Last week’s meetup was nice to see and talk with other KiCad users. Let’s do it again this week.
This week, I’m happy to answer questions and I’ll be working through designing a KiCad version of the Medtronic OpenVentilator project (http://www.medtronic.com/openventilator 5). You may have heard that Medtronic (a multi-billion $ company) bought the company that cancelled the original gov’t contract 2 for low-cost ventilators in 2015 and then this week released a “kind of” open source version 3 of their current (not low-cost) ventilator.
In reality, they released scans of the schematics and some word documents for bring-up procedures. I’m going to see if we can turn the scans into a set of useful KiCad schematics + board files. This still doesn’t get to what’s needed to actually recreate more of these ventilators but it is a needed first step.
If you are curious about recreating designs from incomplete schematics, reverse engineering in KiCad or just want to hang out and chat, please stop by.
Then at 12:00 PM US PDT, Piotr Esden will livestream KiCad board layout:
Here is the record live stream:
Jump to around 48:00 to see this technique demonstrated:
- 5:00am US Pacific
- 8:00am US Eastern
- 5:30pm India
- 1:00pm CET
- 8:00pm China
- 11:00pm Australia
- This week, I’ll talk about Schematic Library management and @hemalchevli
will show how to convert STEP model to PCB footprint
- We’re trying out Jitsi . It works in a Browser without any extensions. On Android Phones (and maybe iPhones), they’ve got an App.
- VIDEO LINK
- If you’d wish to just watch the livestream, here’s the URL:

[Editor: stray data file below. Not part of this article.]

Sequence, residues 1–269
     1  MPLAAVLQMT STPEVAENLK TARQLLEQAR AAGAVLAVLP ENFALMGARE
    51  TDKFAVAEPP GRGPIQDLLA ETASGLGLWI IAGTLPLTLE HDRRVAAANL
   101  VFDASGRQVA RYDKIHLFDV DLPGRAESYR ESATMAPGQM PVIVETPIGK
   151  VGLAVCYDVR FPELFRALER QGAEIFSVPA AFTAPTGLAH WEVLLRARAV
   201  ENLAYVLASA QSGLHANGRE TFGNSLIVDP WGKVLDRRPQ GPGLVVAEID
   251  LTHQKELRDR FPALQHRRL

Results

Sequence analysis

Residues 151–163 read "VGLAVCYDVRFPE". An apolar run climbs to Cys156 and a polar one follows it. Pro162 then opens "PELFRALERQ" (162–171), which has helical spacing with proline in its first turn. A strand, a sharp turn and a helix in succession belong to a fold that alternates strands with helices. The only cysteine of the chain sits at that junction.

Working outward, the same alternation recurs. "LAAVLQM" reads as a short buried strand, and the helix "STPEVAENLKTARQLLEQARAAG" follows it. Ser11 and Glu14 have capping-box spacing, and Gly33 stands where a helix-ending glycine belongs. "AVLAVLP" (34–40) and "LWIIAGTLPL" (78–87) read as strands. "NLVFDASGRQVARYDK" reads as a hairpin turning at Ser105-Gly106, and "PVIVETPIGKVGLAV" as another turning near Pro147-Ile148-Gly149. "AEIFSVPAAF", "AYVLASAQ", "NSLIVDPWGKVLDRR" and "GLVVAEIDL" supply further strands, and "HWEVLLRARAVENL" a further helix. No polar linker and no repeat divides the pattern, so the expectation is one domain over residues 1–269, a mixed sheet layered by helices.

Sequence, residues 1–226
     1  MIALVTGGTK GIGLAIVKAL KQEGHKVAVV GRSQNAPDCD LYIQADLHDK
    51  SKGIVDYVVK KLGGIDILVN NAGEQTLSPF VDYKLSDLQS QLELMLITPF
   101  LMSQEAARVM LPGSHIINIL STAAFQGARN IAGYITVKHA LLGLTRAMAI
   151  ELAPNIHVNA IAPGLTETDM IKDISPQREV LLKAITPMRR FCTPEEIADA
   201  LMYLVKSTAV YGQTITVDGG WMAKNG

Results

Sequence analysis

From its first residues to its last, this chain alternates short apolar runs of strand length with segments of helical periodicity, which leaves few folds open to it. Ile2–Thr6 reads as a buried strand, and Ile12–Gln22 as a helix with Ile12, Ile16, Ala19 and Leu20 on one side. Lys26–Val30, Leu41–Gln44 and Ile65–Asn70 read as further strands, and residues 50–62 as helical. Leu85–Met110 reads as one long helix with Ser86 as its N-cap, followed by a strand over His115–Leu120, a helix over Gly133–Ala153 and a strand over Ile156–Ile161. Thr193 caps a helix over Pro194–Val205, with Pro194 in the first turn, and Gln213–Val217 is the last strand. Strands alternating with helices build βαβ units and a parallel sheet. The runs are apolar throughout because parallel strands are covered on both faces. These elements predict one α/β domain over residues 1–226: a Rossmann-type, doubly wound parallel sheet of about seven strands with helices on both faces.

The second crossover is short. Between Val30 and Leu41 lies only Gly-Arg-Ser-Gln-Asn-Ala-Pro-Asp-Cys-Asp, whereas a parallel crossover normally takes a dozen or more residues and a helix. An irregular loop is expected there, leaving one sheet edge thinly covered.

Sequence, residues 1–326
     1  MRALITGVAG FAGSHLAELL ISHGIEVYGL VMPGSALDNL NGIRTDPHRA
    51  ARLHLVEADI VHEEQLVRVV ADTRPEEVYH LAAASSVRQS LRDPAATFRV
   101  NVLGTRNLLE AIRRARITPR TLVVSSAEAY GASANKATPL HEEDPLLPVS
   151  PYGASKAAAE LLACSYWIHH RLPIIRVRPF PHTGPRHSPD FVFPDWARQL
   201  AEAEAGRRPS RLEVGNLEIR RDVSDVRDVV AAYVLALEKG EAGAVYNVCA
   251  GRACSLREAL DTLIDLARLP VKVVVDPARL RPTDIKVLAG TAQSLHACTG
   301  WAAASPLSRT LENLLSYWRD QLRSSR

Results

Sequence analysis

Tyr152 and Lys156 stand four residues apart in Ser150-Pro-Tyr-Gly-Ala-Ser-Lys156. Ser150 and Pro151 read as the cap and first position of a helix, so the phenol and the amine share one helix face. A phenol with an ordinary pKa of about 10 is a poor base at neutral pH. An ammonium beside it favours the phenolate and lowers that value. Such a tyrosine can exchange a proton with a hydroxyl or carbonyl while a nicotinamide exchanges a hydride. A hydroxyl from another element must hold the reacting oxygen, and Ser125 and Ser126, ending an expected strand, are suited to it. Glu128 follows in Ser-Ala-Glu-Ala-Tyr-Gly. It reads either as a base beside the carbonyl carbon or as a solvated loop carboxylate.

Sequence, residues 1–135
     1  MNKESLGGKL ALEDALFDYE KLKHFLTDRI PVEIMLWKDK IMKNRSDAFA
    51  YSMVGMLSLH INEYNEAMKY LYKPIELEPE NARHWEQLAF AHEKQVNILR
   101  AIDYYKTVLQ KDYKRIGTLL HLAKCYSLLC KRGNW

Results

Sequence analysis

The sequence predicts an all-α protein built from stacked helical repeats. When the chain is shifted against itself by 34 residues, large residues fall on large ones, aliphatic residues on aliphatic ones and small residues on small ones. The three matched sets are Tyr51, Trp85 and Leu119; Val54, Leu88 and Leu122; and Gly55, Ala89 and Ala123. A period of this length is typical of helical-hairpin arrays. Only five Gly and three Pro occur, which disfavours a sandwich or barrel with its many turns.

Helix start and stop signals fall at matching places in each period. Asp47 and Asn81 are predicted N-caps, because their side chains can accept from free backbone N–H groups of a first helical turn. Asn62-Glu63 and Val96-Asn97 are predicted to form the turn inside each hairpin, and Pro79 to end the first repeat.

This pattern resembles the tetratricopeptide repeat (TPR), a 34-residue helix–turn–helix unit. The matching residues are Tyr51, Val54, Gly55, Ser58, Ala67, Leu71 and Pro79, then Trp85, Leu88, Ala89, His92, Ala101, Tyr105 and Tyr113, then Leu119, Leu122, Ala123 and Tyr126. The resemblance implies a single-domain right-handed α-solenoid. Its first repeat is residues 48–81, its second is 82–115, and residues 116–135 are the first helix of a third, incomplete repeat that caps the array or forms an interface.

- Want to dial in on phone?
- Australia: +61.8.7150.1136
- Dial meeting ID: ‘3947374070’ to connect!
- Australia: +61.8.7150.1136
The Open Hardware Summit is next week, March 13th!
Here’s a sneak peak at one of the items that everyone will receive in their conference goodie bags:
Thanks so much to Kevin Walseth at Digi-Key for making it happen! ⚡️
Beautiful project from Frank Milburn on element14:
I decided to give PCB art a try and will be basing my attempt on methods described by Andrew Sowa. Andrew uses Adobe Illustrator for the art work and KiCad for the PCB design. I will also use KiCad but will use my trusty pre-subscription version of Photoshop for the artwork. Inkscape is another possibility. Andrew’s process is described in this video from which my work is derived. The detail behind many of the steps won’t be described in this post – watch the video for that.
The goal is to take a photograph, painting, etc. and place it on a PCB using the FR4, copper layer, solder mask, and silk screen to make the palette. My PCB will feature the famous work by Edvard Munch, The Scream which has always fascinated me. So, how to turn a masterpiece into a PCB facsimile?
The limited palette is a challenge. For this exercise the focus will be on the central figure in order to reduce board size (and thus cost) of the experiment. The OSHPark purple solder mask will hopefully give the dark colors desired. Andrew also used OSHPark in his example, and helpfully provided a palette which has been modified here to help describe how the layers translate to color and are stacked for conversion in KiCad.
There is a shared project for the board:
And watch it on YouTube:
It’s useful to have a reference item right next to the schematic you’re working on. This tip shows how to add that in and make sure it doesn’t print with the rest of your schematic.